The Muscle Car City Museum is a mecca for aficionados of GM performance cars, such as Corvettes, Chevelles and GTOs and other models dating back to the 1930s. Fishermen’s Village has the most popular collection of boutique shops and restaurants in town. It also hosts an array of special events and live music throughout the year. Harpoon Harry’s, at Fishermen’s Village, has been named “Best Waterfront Restaurant,” “Best Open-Air Restaurant,” “Best Place to Have a Beer” and “Best Bar & Night Spot” for many years.

DAY TWO

Longboat Key – Gulf of Mexico 78 NM, GIWW 58 NM

Longboat Key is best known for its 12 miles of relaxing white sand beaches. On the south end of the island is Mote Marine Laboratory & Aquarium, an institution comprised of world-class marine scientists committed to the belief that the conservation and sustainable use of our oceans begins with research and education. To that end, a family visit to Mote’s Aquarium gives an up-close experience with a variety of marine animals and fish, including two touch tanks and a 135,000-gallon shark habitat. It is a working aquarium, meaning that scientists are conducting research in viewable working laboratories, offering a unique experience to visitors.

A short drive south of Mote Marine Laboratory and Aquarium over the New Pass Bridge is St. Armands Circle, Sarasota’s well-known destination for shopping, dining and pampering. Luxury fashion, jewelry and gift shops abound. For a very special dinner on the Circle, make a reservation at the iconic Café L’Europe a restaurant that has built an unparalleled reputation for its elegant and delicious European cuisine.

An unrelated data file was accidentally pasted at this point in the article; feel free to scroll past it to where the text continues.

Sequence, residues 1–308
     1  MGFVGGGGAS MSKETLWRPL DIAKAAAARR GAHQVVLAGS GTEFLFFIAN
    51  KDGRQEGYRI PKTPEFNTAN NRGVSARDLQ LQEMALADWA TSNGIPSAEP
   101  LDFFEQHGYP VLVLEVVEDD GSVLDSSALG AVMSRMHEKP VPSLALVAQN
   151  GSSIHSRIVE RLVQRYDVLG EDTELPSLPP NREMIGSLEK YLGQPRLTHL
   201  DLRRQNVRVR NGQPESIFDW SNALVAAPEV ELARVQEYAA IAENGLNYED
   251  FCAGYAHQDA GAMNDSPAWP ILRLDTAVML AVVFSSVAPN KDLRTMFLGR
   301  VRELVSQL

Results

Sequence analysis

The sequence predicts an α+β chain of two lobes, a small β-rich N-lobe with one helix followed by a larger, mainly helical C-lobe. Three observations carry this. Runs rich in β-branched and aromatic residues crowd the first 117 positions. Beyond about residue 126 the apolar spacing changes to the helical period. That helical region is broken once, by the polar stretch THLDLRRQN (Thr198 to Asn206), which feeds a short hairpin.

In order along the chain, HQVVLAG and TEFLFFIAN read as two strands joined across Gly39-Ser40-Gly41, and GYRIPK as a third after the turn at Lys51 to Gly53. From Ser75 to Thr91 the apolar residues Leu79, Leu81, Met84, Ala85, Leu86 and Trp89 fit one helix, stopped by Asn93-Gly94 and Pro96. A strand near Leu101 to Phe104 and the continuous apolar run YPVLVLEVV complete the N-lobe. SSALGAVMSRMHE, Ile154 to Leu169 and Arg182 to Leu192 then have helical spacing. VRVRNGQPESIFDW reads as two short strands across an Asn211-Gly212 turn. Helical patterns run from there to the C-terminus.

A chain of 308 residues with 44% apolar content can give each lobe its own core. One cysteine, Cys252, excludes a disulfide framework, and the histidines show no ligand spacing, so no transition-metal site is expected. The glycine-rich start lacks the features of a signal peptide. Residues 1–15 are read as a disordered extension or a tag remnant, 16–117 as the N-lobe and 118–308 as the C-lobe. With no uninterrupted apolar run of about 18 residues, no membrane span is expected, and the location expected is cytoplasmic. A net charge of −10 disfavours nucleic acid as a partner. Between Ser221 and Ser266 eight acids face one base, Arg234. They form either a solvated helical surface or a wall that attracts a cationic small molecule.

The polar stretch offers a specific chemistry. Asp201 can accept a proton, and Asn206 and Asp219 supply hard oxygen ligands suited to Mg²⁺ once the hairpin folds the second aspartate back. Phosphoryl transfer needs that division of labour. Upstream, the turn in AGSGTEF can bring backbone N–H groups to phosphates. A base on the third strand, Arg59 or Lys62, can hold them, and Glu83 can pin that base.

The Longboat Key Club Moorings (941-383-8383) is a yachting resort located off the GIWW complete with a swimming pool and tennis courts. It is a prime location for docking, and boaters have access to all the amenities of the Resort at Longboat Key Club including the golf courses and spa.

DAY THREE

Bradenton – Gulf of Mexico 33 NM, GIWW 23 NM

The city of Bradenton is located where the Manatee River feeds into the entrance to Tampa Bay, just south of the Sunshine Skyway Bridge. It is also the home of the De Soto National Memorial. In May 1539, Spanish conquistador Hernando De Soto’s army of soldiers, craftsmen and clergy made landfall in Tampa Bay. They were under orders of King Charles V to conquer, populate, and pacify the land in Florida. Instead this expedition was met with fierce resistance from the indigenous people. Spanish plans for colonization were set back, and it was another 300 years before American pioneers decided it was safe to settle in Bradenton.

Tie up at Twin Dolphin Marina (941-747-8300) just west of the bridges in downtown Bradenton. is 225-slip marina, with floating docks, surrounds the historic Memorial Pier. The Pier’s building was built in 1928 and has now been meticulously restored completely preserving the building’s Spanish style.

The South Florida Museum & Bishop Planetarium is the largest natural and cultural history museum on Florida’s Gulf Coast, and it offers engaging exhibits as well as educational programs that interpret the scientific and cultural knowledge of Florida. The planetarium is the region’s premier astronomy education facility with a multimedia theater for films, lectures, live music and digital art performances.

A short walk from the marina is Arts & Eats Restaurant and Gallery. Its diverse menu highlights flavors from all over the world. The restaurant is located in Village of the Arts, a business and residential community where artists live and maintain studios in restored cottages from the 1920s and 1930s. is village is one of the many hidden gems to be discovered while cruising the Gulf Coast of Florida.